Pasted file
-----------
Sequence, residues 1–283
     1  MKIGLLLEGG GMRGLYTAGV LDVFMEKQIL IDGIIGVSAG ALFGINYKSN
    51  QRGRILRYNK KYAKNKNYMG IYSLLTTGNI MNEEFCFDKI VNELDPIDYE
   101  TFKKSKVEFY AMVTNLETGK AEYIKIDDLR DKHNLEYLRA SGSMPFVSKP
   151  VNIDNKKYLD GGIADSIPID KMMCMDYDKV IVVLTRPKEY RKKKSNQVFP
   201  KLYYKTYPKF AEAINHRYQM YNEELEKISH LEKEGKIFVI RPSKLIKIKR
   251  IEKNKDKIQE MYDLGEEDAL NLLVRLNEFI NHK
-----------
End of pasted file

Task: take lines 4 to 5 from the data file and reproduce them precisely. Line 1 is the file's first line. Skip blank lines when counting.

   101  TFKKSKVEFY AMVTNLETGK AEYIKIDDLR DKHNLEYLRA SGSMPFVSKP
   151  VNIDNKKYLD GGIADSIPID KMMCMDYDKV IVVLTRPKEY RKKKSNQVFP